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Contrast this with the Judaism and Muslim approach, which encourages preventative medicine, and treatment of illness (i.e. man is encouraged to look after and complete the imperfect work of the creator). Note: these religious views do not necessarily justify the use of all forms of medical treatment, and in this regard, it is actually unclear how far these views can be taken. b) Utilitarianism A teleological approach Born from the work of Jeremy Bentham and John Stuart Mills, utilitarianism promotes the maximisation of welfare (the greatest good for the greatest number), on a casebycase basis, and is consequence based morality. Rule utilitarianism is a variant which asks which rule would provide the best consequence in general, and resolves the difficulty of making a casebycase analysis re large scale concerns. In contrast, act utilitarianism is a variant which requires that each individual action must maximise utility. Concerns with utilitarianism involve: what counts as utility, how to accurately predict utility outcomes in the future, how to rank different outcomes against each other (as explained by Wildes in the medical context), how to manage the demanding nature of utilitarianism, and the quantitative aggregate approach to measuring utility in cases where multiple parties are involved. c) Kantianism A deontological approach
[Two aspects of] Kant's categorical imperative provides that we must act consistently and justly, and not treat others (or allow ourselves to be treated) as a means to an end. O'Neill argues that Kant was interested in principled autonomy:
* Autonomy is the attempt to conduct thinking on principles which all others would also conduct their thinking, and acting on principles which others would act. Secker criticises the usefulness of autonomy in the medical context:
* Actual patients are likely to be dependent, or interdependent, and their decision making capacity not always based in reason.
* Autonomy also places a premium on independence, which goes against the nature of patient
hood Realistically, the practise of medicine is both deontological and utilitarian. Doctors must prioritise the needs of the patients, against the needs of society, and balance that with the availability of finite resources. Garbutt and Davies explains that historically, the relationships of individual doctor/patient are based in deontological roots, which have become reinforced by professional codes of conduct. These are then nestled within a larger healthcare system, which must provide for the needs of the many. This creates an obvious tension. d) Virtue Ethics This concerns whether an action is 'the right thing to do', with a central feature being the rejection of patient autonomy as a supreme virtue. As Foot has argued, wanting to die is not a good enough reason. Rather, causing death is only virtuous if the person's life lacks the most basic human goods. So what are virtues exactly? Traits necessary for human flourishing, like honesty, compassion, kindness, justice, courage, fairness etc. These virtues may point us in different directions, and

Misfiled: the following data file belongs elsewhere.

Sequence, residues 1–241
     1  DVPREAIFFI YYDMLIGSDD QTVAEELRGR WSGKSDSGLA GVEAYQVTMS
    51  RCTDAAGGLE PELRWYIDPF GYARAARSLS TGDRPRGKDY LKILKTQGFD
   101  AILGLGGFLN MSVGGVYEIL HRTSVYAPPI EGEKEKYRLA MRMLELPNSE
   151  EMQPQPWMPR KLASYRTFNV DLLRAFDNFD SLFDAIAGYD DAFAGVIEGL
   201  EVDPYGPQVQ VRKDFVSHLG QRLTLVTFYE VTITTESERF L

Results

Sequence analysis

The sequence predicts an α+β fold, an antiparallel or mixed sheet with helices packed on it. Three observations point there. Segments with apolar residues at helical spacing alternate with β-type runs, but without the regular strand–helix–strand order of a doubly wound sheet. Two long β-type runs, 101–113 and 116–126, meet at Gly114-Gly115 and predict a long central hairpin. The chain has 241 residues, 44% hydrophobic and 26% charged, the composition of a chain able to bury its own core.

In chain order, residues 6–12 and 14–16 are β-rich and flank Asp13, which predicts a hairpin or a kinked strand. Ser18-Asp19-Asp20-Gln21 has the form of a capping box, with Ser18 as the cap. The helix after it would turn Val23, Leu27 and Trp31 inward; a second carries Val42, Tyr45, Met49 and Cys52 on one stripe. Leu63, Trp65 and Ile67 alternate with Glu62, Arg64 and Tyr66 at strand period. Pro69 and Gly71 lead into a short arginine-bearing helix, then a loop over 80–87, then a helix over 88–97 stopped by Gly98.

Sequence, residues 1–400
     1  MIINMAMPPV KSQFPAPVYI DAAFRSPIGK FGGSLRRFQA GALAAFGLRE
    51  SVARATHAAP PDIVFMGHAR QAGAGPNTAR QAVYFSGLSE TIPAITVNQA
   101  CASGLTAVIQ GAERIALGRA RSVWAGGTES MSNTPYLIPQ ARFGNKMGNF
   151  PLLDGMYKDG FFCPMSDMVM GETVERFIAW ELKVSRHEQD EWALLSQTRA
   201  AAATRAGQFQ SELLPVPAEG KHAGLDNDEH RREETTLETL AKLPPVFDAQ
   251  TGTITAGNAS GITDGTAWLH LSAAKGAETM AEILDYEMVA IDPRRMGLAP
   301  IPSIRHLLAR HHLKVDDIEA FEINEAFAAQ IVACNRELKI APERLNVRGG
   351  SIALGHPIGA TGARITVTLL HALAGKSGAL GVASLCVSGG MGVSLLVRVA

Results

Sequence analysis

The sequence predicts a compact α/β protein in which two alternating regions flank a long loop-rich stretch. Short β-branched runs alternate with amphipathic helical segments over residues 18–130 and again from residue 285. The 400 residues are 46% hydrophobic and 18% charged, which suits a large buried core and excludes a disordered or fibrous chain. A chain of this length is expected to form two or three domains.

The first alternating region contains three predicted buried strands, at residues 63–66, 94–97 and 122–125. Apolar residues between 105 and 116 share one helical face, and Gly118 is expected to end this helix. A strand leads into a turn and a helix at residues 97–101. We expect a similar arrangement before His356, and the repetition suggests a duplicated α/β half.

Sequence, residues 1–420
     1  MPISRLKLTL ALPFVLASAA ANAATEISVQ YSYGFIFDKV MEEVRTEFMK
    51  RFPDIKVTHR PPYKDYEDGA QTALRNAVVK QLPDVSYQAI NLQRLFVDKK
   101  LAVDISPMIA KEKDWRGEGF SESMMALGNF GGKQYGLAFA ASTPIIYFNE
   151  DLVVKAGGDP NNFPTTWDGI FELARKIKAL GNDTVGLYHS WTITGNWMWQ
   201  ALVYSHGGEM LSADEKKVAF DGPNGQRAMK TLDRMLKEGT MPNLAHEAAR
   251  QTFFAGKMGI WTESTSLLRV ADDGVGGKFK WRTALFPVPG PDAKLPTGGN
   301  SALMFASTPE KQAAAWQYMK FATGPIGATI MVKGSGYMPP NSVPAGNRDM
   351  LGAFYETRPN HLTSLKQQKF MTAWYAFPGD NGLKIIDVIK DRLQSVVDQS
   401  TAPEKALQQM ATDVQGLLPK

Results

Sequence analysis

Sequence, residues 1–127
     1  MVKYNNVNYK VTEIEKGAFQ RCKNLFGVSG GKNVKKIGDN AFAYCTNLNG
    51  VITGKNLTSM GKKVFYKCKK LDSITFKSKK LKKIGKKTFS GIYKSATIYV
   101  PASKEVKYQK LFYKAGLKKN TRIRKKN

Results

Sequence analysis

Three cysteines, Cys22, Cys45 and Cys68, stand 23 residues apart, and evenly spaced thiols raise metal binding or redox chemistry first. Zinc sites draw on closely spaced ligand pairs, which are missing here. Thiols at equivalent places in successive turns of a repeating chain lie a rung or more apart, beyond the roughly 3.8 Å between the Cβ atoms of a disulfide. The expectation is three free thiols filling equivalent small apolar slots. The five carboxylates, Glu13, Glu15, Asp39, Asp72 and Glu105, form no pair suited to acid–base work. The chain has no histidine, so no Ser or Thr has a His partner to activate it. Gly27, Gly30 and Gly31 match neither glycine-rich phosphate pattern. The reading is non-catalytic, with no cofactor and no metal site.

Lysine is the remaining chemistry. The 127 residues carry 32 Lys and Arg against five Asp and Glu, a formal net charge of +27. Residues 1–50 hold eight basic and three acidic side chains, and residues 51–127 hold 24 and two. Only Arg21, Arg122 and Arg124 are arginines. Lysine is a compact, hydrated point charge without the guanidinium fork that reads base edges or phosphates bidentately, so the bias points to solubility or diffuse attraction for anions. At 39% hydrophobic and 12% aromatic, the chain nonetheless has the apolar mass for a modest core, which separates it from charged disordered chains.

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often don't help with making decisions (or could in fact lead to the wrong decision being made e.g. a doctor withholding a cancer diagnosis out of compassion), especially in light of the plurality of human culture and beliefs. Arguably this problem is somewhat bypassed if the relevant virtues considered are those which appeal to the natural facts about human beings (but this simply begs the question as to what those facts are). There is also the problem of generality here virtue ethics seems to work best in the context of individual decisions, and not decisions to be made by society. Who is the relevant virtuous agent in the latter situation? Might the better question, as proposed by Holland, be to ask whether a particular regulatory policy is a virtuous exercise of state power? In this sense, virtue ethics evolves into virtue politics, but this begs the question whether virtue politics collapses into one of the other moral approaches e.g. consequentialism. Arguably though, a virtue politics approach identifies the kinds of consequences which are relevant to a consequentialist's reasoning, and so in this sense, even if at a higher level, virtue politics collapses into consequentialism, it first and foremost grounds the moral significance of the consequentialist considerations in the first place. A further concern with virtue politics is whether the conception of just state would be tantamount to imposing a view of the good life onto the subjects of the state. Just as there are difficulties with considering what are the virtues for individuals, there are similar difficulties with considering the virtues for a just state and the kind of social environment it would promote. Difficulties with the virtue ethics approach when applied in isolation include its inherent circularity (what is good is what a virtuous person would do, and a virtuous person is one who does good), and the emptiness of the 'virtues' as practical guidelines. For this reason, Pellegrino has advocated for virtuebased approaches to be integrated with other ethical approaches (like the principled approach). At least in the medical context, there is a more concrete telos (end good) which can be used to benchmark the relevant virtues and provide them with substance. Principalism and its critics Ethical ways of looking at things very rarely provides practical guidance. In this regard, Beauchamp and Childress have distilled four basic principles autonomy, nonmaleficence, beneficence and justice from the most general and basic norms of common morality. These principles should be understood as guidelines to be interpreted and made specific for policy and clinical decision making. More specifically: